"Bebop + free bop + blip blop = PLOP," says the festival program, and it's as good a starting point as any for a group that brings together free-spirited improv without borders, tough arrangements that push everyone to their extremes, and no shortage of supreme silliness. Riipa, in particular, seemed like a man possessed, moving around his kit with a kind of loose-limbed frenzy that was unfailingly unfetteredin some cases doing everything wrong in order to make everything absolutely right. But in the midst of a kind of heavily-intended but light-spirited interplay that channeled, at times, the spirit of Dutch drummer Han Bennink, Riipa also brought a pocket trumpet, plastic saxophone and slide whistle into the mix. Innanen used even more of his table of toys here than he did with K-18, interspersing these often found sounds with heavy blowing passages, where virtuosic technique was clear, but never the prime motivator. When it comes to advanced embouchure and extended techniques, Innanen has it allbut it's always in service of the music, with stunning flights of bebop mixed with harsh textures and popping percussives.
More than his appearance with Sumelius, Herralawho looks to be barely out of his teenswas an equal partner in Plop, swinging hard with the kind of time/no changes swing that bassist Charlie Haden made famous in his early work with saxophonist Ornette Coleman, but equally capable of surprisingly powerful solo statements and lock-ins with Riipa that moved Plop's pulse around a variety of stylistic markers, without ever exactly landing in any of them. At one point in the set, Herrala and Riipa entered into a repeating structure where tempo kept shiftingslowing down and speeding upwith not exactly comfort, but certainly alacrity and surprising accuracy. Riipa was working, it appeared, especially hard to make the shifts, but it was all in the unfettered spirit of trying anything, hoping for the best, and invariably achieving it.
Innanen has rapidly emerged as one of the country's most important young saxophonists; the same can be said for Riipa and, having seen Herrela in two very different contexts, he's clearly on his way as well. Together, as Plop, the trio is at the vanguard of a new kind of collective spontaneity founded on traditional tenets but rejecting most of them. And as tough as the music can be, the element of humor makes it accessible for a larger audience than would be expected; certainly the trio wowed the crowd at Telekka, who demanded an encore, and got onewell, sort of, as Riipa, on pocket trumpet, interacted briefly with Innanen, only to quickly dissolve into an ending that left the audience laughing...and, clearly, ready for more, the next time Plop comes to town.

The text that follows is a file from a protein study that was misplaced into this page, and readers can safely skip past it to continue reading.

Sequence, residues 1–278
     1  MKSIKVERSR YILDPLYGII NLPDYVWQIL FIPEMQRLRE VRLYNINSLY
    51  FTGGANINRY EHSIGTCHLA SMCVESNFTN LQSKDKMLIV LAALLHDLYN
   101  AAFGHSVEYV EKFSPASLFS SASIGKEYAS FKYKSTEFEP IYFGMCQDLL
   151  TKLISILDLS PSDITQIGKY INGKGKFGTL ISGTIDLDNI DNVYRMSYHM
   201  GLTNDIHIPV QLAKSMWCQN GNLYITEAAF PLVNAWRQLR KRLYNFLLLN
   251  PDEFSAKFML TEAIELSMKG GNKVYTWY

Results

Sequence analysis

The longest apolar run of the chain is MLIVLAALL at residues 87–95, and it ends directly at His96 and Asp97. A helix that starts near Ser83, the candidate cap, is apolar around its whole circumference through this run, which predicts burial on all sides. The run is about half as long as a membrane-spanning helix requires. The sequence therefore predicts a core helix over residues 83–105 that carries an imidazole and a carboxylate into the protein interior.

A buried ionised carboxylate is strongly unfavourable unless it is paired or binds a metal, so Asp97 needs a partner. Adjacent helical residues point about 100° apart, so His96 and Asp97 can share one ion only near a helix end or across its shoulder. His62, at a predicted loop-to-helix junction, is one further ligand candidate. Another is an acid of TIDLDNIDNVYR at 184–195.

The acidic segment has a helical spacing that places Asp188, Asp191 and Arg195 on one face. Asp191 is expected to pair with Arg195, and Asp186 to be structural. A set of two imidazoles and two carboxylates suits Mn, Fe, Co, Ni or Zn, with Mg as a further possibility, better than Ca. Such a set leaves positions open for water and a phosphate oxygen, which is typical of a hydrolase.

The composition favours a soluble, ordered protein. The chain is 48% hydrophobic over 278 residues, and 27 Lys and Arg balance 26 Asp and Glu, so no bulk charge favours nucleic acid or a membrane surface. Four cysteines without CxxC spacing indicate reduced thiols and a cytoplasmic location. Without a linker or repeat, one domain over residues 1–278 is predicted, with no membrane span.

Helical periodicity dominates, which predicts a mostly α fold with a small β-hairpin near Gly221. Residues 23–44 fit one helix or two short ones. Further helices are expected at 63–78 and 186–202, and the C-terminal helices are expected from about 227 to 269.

The final set of the night at Telekka was handed over to Kolhoz, an as-yet unrecorded group that uses the groove-driven music of Weather Report and keyboardist Joe Zawinul as two starting points, leading to music heavy on groove and vintage 1970s analogue sounds.
Keyboardist Kari Ikonen was heard the previous night in a much more extreme context, with the Markus Holkko Quartet. There, he was restricted solely to his Moog synthesizer, but here, with Kolhoz, he expanded his sonic arsenal to include a Fender Rhodes electric piano, and between the two he proved himself as much a master of a fusion-centric jazz language as he was of color and texture. Electric bassist Timo Hirvonen's tone was more from the Alphonso Johnson school than that of Jaco Pastorius, as he pushed the groove with a visceral bottom end that was impressive throughout. Drummer Mikko Kaakkuriniemia burly, bearded veteran of the Finnish rock and soul sceneapproached the high energy music with the right amount of bluster and bombast, while still locking in tightly with Hirvonen's gut-punching bass lines.